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Finding Good Children's Books

Over at What Do We Do All Day?, you'll find an excellent post about ways to locate good books for children. The blog kindly includes a nod to Chicken Spaghetti's love of book lists. So, yeah! Let's break out a couple of new kid-book lists that popped up recently.

Quick Picks for Reluctant Readers, for kids 12-18 (via Bartography)

Charlotte Zolotow Award books, honoring writing for picture books

Edgar Award finalists, mysteries (books for grown-ups, too)

NAACP Image Award nominees for literature, featuring books in a number of categories, including ones for children and teens

APALA Asian/Pacific American Awards

Amelia Bloomer Project, feminist literature

Rainbow List, GLTBQ books

American Indian Youth Literature Awards, "created to identify and honor the very best writing and illustrations by and about American Indians, Alaska Natives, Canadian First Nations and Native Hawaiians"

Caldecott, Newbery Awards on the Horizon, Orbis Pictus Announced

The two biggest U.S. children's literature awards—the Newbery and Caldecott Medals—will be announced on Monday, January 23rd, along with a slew of other prizes.

I may not be online Monday morning to immediately update Chicken Spaghetti's 2011 Best Children's Books: A List of Lists and Awards. However, the American Library Association (ALA) promises live Newbery/Caldecott/etc. coverage; for details click here.

Again, what, what, what would be wrong with a big Newbery and Caldecott banner on the American Library Association's website? If these awards are some of the biggest things an organization sponsors, isn't it okay to say so? The general public does not know from "ALA Youth Media Awards." And Twitter hashtag #ALAyma seems like it's, well, in code.

Moving on now. My pick for the Caldecott, which honors illustration, is Allen Say's Drawing from Memory. For the Newbery (writing), Candace Fleming's Amelia Lost.

This morning saw the news of the Orbis Pictus Award for outstanding nonfiction for children. Chosen by the National Council of Teachers of English (NCTE), the winner was the picture book Balloons Over Broadway; a number of other books were honored, too, including Amelia Lost.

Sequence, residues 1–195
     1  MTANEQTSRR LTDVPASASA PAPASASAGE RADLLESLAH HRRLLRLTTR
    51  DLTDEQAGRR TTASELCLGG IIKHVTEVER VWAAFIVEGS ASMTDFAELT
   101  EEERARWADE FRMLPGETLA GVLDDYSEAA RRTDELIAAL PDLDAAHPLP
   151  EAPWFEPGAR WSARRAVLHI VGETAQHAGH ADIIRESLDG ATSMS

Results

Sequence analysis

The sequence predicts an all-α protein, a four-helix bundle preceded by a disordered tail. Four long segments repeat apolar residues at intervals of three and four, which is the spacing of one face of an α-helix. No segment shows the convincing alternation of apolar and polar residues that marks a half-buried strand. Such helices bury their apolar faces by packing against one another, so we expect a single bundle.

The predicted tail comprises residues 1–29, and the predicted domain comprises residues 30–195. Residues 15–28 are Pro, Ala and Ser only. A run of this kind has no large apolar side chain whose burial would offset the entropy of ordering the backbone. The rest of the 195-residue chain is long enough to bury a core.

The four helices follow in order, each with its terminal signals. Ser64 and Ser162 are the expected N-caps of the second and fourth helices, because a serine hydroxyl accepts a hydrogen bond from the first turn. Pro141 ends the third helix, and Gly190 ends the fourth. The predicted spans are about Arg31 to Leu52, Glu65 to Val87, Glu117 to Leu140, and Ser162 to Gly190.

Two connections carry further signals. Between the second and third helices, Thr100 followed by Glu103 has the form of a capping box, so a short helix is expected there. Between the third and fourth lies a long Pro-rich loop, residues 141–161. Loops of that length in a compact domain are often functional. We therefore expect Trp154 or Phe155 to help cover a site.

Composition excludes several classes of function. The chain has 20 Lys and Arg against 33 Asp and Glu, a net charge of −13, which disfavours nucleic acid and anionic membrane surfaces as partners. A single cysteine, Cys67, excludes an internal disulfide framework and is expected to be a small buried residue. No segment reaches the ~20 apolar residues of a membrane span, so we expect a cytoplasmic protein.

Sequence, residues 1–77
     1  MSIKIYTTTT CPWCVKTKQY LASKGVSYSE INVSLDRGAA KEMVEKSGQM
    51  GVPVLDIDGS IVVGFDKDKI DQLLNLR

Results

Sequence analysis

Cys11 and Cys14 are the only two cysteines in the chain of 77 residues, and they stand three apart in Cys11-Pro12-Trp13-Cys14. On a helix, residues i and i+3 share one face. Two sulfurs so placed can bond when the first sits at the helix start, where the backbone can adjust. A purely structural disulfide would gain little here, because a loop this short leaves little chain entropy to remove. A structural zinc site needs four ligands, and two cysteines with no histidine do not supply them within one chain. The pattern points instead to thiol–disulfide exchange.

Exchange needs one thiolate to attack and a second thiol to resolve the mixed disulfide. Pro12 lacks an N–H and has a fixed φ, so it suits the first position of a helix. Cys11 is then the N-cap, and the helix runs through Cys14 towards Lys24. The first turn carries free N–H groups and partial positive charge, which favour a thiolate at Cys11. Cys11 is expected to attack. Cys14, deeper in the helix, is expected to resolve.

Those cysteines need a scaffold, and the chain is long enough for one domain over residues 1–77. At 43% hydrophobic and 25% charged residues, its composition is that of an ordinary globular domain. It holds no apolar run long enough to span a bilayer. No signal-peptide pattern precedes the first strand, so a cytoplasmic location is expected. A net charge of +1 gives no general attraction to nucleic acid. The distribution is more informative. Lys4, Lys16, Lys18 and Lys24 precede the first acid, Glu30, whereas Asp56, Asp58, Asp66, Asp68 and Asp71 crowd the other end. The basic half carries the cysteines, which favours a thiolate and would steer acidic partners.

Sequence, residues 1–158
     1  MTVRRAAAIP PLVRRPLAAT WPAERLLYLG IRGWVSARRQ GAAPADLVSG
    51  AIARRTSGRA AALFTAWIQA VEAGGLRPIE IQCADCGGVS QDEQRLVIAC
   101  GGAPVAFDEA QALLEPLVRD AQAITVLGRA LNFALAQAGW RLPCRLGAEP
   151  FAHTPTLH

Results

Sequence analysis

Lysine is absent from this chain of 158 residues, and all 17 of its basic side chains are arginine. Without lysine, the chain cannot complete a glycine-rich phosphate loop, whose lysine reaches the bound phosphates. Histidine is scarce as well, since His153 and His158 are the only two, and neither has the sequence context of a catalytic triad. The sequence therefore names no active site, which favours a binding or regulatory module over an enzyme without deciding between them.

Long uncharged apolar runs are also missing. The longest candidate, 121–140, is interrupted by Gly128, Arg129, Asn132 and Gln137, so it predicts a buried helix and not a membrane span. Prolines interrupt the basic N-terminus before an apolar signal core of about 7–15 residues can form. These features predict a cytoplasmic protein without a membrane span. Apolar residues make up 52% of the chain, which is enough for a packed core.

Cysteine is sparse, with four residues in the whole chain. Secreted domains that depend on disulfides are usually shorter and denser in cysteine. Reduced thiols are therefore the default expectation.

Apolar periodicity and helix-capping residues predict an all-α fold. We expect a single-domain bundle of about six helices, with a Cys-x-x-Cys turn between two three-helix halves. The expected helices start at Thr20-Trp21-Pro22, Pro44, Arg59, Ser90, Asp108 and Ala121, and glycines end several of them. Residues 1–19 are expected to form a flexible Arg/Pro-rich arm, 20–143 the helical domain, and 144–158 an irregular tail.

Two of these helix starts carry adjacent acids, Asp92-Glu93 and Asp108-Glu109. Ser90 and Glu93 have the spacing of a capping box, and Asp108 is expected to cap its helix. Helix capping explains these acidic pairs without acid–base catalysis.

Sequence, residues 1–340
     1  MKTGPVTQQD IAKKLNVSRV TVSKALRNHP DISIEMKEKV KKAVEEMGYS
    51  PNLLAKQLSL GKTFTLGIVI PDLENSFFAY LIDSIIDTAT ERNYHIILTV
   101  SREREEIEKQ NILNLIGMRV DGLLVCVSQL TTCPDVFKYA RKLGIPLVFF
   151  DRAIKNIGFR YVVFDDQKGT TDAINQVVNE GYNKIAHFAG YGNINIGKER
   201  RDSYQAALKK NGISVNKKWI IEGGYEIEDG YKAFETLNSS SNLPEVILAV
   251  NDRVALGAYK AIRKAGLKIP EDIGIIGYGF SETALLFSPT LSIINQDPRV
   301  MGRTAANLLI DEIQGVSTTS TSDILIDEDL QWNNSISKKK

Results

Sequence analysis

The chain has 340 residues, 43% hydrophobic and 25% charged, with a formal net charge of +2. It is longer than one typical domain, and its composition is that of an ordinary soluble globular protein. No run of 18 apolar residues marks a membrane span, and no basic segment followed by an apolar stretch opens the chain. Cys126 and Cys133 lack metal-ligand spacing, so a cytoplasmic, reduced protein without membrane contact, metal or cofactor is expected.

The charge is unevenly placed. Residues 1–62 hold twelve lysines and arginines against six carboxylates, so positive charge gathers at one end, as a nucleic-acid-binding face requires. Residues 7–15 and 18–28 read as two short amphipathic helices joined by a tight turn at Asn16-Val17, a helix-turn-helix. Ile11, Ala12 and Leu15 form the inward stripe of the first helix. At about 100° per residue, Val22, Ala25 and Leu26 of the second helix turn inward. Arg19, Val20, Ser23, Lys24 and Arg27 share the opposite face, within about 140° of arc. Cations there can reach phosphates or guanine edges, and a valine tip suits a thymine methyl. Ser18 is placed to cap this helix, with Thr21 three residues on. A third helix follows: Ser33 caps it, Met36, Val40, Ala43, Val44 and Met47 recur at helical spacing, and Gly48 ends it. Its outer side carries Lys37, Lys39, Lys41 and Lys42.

Updated to add: In the realm of literature for grown-ups, the National Book Critics Circle announced finalists for book awards in a number of categories. The NBCC also cited Kathryn Schulz for excellence in reviewing. I don't know her work at all, so I have some catching up to do!


"With his first George and Martha book, James [Marshall] was already entirely himself. He lacked only one component in his constellation of gifts: he was uncommercial to a fault. No shticking, no nudging knowingly, no winking or pandering to the grownups at the expense of the kids."

—Maurice Sendak, May 1997

Reprinted in the anthology George and Martha: The Complete Stories of Two Best Friends, written and illustrated by James Marshall (Houghton Mifflin, 2008).

Amen, Mr. Sendak.

The second graders I read to liked several of the George and Martha picture books very much. Each one is broken into several stories that stand on their own, and the children loved the details of the hippo best friends, like Martha's rather large skirt and George's gold tooth. And how funny it is when George pours his pea soup into his loafers rather than offend Martha! Everyone, boys and girls, had a lot to say about these books.

I was a little surprised that a couple of the students struggled with parts where a reader or listener has to use inference to make the jump to the next scene, but I hope we spent enough time talking about the stories so that everyone understood. I'm glad the children speak up when they don't get it. The more we talk about things together, the better!